Let me illustrate. Let me tell you a story of a man who decided to eliminate all traces of faith from his daily life. Incidentally, (or consequently) on the same day, he fell sick. Being an empiricist, he took a thermometer and checked his temperature. The mercury was at a level where it shouldn’t be. So, he decided to go to a doctor. He wanted to take a taxi, but couldn’t bring himself to trust any taxi driver. So instead, he took his bike and somehow managed ride it to the nearest hospital. After filling some forms, registering his case and waiting in a long queue, at long last, it was his turn to go to the doctor. And this is what happened in the doctor’s office: The doctor said, “How do you feel? What’s the issue?” “I’d like to see your license to practice medicine.” “What?” “Your license. Please.” “Is this some kind of surprise inspection?” “No, I just want to make sure that you have a proper license” “Well, I don’t have it on me right now… it’s at home. But, you don’t look so well. Why don’t you tell me how you are feeling?” “I can’t do that. How do I know you are a doctor?” “Well, I’m working at a renowned hospital which has very strict regulations for hiring…” “Well, you could’ve paid your way to your job…” “Seriously?” “I’d like to see those strict regulations…” “Mister, there’s a long line of people waiting outside who need my help. So, please, can you stop being so difficult and let me diagnose you already?” “No. I want proof that you’re a doctor.” The doctor picked up a phone and called security, and security escorted our hero out of the hospital.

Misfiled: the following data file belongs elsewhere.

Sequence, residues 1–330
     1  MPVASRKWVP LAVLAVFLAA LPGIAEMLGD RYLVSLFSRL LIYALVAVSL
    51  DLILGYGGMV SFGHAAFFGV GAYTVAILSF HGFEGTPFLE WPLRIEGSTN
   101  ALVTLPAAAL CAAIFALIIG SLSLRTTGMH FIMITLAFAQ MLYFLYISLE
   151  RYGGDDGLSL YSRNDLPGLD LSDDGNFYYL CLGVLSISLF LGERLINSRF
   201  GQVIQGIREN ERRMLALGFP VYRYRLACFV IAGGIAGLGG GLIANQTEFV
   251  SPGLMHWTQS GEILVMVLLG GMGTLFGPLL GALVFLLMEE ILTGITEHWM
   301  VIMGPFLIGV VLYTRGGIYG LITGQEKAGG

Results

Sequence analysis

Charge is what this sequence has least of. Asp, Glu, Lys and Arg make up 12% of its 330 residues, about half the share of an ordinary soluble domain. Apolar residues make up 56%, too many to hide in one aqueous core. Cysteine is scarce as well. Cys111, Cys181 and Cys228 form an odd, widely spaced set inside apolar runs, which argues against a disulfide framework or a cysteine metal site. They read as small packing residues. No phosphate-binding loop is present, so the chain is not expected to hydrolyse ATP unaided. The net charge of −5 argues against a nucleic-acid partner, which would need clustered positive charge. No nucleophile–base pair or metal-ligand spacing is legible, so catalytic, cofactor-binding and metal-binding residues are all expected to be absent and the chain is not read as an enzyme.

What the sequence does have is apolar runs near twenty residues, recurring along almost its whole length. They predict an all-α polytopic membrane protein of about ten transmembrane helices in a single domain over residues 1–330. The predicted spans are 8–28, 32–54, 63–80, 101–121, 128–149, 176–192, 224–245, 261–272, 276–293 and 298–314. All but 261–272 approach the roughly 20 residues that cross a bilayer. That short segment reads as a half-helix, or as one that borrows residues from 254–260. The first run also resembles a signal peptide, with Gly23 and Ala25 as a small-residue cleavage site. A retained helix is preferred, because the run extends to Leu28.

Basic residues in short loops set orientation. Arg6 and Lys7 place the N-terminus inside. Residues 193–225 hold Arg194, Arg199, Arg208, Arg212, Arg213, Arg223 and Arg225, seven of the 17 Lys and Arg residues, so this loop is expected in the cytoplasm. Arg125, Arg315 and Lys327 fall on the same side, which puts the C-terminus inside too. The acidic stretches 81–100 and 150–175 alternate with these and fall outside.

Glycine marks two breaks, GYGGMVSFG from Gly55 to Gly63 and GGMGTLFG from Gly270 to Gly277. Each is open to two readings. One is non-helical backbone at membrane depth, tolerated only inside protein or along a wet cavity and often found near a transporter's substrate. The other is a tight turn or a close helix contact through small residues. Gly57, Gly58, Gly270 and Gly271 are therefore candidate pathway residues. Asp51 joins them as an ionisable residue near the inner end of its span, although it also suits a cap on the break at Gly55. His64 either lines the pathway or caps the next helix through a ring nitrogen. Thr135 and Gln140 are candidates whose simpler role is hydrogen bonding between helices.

Still, not feeling well, he went to another doctor. The doctor, fortunately (or unfortunately) was able to show him his credentials, but it was from an authority that our hero didn’t recognize. So, he decided to not get treated and instead look up the authenticity of the said authority. He hired a private detective to investigate the said authority. The investigator said that he’d contact him back 3 days later with the required information. Still sick, going back home, he realized what a grave mistake he had made! He “put faith” in a private detective without checking him out… “The fever must be getting to my head…” he said to himself. Went home and rested.
Long story short, two weeks later, he was still sick and his credit card was overdrawn. In his mad decision to never put faith in anything, he had managed to anger 4 doctors, 3 private investigators, 1 police officer, a parrot (don’t ask) and the head of the medical department of a renowned hospital. It was a public spectacle at his home, when on the morning of the 15th day of his life changing decision, an ambulance came and our hero was dragged to a lunatic asylum, kicking and screaming…
That story never took place in reality but it’s a very plausible scenario. And if only one person’s mad decision can cause so much havoc, what will happen if the whole world made a similar decision?
There’s one more point that I’d like to make. Someone might say that the use of faith in our everyday lives and religious faith are two different things. To those people, I’d like to ask a simple question. “How is it different?”. To me, both of them are one and the same things. Both of them depend on reasons. And these reasons are available for everyone to evaluate and criticize. As for me, I’ve not found a single philosophy/religion/belief system that is as worthy of trust as that of the crucified Christ.